“There was nothing nice about it, any of it! My family had been murdered. My cousin missing, maybe dead. I‘d been beaten, and had to piss and shit in a bucket he never emptied.”

  Officer Hammond stepped into the room, Carly never took her eyes off Vanessa.

  Vanessa started fanning her face with a piece of paper. She released a heavy sigh. “You really scared me then, Carly. I didn’t mean anything by that comment.” She looked over at Officer Hammond. “But everything’s alright, Officer. You can leave us.”

  Officer Hammond stepped back, his top lip curled up as he leant against the open door.

  “One night, I woke up to him stroking my hair, singing some stupid love song. When I cowered away from him, he undid my cuffs and washed my wrists with antiseptic. They were blooded and swollen with my constant fighting against the restraints. All the time he was bathing them, he was singing, ‘Heaven, I'm in heaven.’ I tried playing nice, thanked him for taking the cuffs off. I looked him right in the eye, and asked him again about Lisa. Where she was, what he’d done to her. He screamed it wasn’t
him, it was James who’d done it. He ran over to the door, and started banging his head off it. He looked back at me, his face covered with blood, he grinned at me. He just bloody grinned and walked out. The psycho actually thought he was someone else.”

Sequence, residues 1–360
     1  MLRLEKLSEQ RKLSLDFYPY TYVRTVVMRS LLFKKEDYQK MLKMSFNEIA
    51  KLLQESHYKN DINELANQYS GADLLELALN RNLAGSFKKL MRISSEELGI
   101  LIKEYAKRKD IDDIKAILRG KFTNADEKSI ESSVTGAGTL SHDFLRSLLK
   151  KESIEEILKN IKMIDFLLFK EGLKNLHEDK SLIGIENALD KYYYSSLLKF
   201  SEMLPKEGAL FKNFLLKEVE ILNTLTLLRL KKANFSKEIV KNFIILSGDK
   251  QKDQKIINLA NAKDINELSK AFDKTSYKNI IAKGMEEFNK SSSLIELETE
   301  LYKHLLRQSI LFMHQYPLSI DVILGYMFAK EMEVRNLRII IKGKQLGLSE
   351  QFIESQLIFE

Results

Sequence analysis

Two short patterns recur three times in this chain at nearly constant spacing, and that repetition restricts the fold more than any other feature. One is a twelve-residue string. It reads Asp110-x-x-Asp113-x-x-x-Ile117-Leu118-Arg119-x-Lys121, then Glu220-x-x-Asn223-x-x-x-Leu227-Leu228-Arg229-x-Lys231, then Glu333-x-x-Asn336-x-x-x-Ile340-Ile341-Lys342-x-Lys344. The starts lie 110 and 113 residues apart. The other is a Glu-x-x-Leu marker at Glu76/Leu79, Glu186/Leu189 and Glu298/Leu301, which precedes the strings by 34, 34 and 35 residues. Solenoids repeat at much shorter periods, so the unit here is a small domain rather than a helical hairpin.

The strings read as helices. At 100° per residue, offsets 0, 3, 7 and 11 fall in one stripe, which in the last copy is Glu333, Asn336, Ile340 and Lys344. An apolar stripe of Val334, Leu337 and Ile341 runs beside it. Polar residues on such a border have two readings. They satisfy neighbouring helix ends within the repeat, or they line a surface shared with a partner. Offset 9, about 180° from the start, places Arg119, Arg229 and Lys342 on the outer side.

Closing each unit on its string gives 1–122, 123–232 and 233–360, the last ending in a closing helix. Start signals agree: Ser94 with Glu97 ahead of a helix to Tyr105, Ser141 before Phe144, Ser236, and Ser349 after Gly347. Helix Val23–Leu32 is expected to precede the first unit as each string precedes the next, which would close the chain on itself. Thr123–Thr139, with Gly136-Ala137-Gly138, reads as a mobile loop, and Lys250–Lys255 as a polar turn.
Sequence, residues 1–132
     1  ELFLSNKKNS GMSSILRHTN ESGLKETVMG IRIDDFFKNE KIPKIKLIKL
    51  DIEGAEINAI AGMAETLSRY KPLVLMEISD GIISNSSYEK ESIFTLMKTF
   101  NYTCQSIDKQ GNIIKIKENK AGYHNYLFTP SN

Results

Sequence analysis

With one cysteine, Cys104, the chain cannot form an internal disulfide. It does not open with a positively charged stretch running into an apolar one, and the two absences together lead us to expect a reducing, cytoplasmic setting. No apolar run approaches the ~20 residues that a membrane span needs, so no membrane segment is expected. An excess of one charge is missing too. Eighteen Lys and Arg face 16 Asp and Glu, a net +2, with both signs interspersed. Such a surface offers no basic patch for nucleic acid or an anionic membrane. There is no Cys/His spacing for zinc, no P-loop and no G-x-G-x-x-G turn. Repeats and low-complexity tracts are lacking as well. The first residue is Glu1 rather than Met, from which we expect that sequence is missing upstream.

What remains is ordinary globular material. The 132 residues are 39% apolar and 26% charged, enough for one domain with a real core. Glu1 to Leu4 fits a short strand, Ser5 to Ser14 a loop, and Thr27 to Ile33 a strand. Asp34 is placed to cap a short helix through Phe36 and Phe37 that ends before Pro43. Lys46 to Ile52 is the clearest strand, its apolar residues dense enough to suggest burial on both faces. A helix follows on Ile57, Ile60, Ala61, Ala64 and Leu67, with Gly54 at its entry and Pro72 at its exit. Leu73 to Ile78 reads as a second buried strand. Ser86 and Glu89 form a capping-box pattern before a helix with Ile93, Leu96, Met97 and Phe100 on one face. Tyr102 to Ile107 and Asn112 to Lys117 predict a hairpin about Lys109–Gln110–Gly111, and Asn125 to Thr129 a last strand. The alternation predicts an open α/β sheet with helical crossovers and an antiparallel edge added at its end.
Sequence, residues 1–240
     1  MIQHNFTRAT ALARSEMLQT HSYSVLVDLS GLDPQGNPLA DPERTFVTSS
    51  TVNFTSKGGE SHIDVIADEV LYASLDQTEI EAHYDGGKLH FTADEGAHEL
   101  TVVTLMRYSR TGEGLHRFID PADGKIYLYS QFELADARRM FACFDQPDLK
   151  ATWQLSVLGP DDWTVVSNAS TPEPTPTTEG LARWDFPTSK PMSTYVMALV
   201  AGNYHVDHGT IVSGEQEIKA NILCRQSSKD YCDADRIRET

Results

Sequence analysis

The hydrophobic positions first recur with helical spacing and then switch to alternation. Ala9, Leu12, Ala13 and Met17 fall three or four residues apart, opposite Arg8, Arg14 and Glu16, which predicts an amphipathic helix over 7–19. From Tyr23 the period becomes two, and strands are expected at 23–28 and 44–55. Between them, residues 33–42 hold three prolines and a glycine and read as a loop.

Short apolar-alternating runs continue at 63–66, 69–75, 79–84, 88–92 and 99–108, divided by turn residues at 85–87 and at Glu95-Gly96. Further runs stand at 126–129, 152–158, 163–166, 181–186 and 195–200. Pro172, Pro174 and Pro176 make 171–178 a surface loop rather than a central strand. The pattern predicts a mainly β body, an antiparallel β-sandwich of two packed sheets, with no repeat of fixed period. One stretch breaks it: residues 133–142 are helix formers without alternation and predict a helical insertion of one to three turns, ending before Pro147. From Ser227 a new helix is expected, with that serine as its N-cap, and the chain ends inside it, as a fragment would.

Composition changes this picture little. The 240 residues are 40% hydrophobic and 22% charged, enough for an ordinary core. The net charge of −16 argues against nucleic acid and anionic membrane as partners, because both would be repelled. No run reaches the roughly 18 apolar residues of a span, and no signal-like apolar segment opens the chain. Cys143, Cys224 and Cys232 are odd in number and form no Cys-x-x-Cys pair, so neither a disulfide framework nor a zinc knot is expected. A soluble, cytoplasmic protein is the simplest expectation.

Abruptly, Carly stood up straight. She took a cigarette out of her packet and lit up.

  “Well, he didn’t put the cuffs back on when he left. I sat at the door for hours, listening for any movement, until I was sure he’d gone. There wasn’t a lock on the door, Slowly, I pulled it opened, I cringed as the hinges squeaked. My heart was in my mouth as I snuck up the stairs. When I opened the door at the top of the stairs, he was waiting for me. He punched me right in my face. I fell backwards down the stairs.”

  Holding the smoke in her mouth for a few seconds, she lifted her head towards the ceiling, and watched as she slowly released it.

  Taking another drag, she deliberately blew a mouthful of smoke towards Vanessa’s face.

  Vanessa coughed and waved her hand about.

  “Don’t remember hitting the floor at the bottom of the stairs. When I opened my eyes, I was back to being chained up again, a hood over my face. I could feel the dog trembling at my side. It was the banging that woke me up.”


  “Thud, thud, thud.”

  Vanessa licked her dry lips, and took a drink from her can.

  “It took me a while to figure out what it was. It was a bloody nail gun. Pounding over and over again. When he removed the hood, there was a wooden box, like a big coffin, stood up at the end of the bed. He gave me some food and a bottle of water, and told me to eat up. He said it was going to be my last chance for a while.” She stubbed the cigarette out in the ashtray, picked up the all the photos and tucked them in her pocket. “That time, I did eat. But I gave half to the dog. When I’d drunk a good mouthful of water, I poured the rest into a dirty, plastic container on the floor for the dog.

  He left me sitting there for hours, worrying over what he had planned for me. And what that bloody box was for.”

  Vanessa opened her briefcase. “It disappeared from the house, didn’t it?” She pulled out a photo of the cellar, and pointed to the corner of the picture. “Is that the box?”

  Carly stared at the picture. Tears built up in her eyes, her vision blurred. She took a deep, shaky breath and sat down. “When he came back, he put the hood on my head again. I tried to struggle, scream, even pleaded with the piece of shit scumbag. I begged him to take the hood off, told him I was sorry.” She pushed the picture off the table.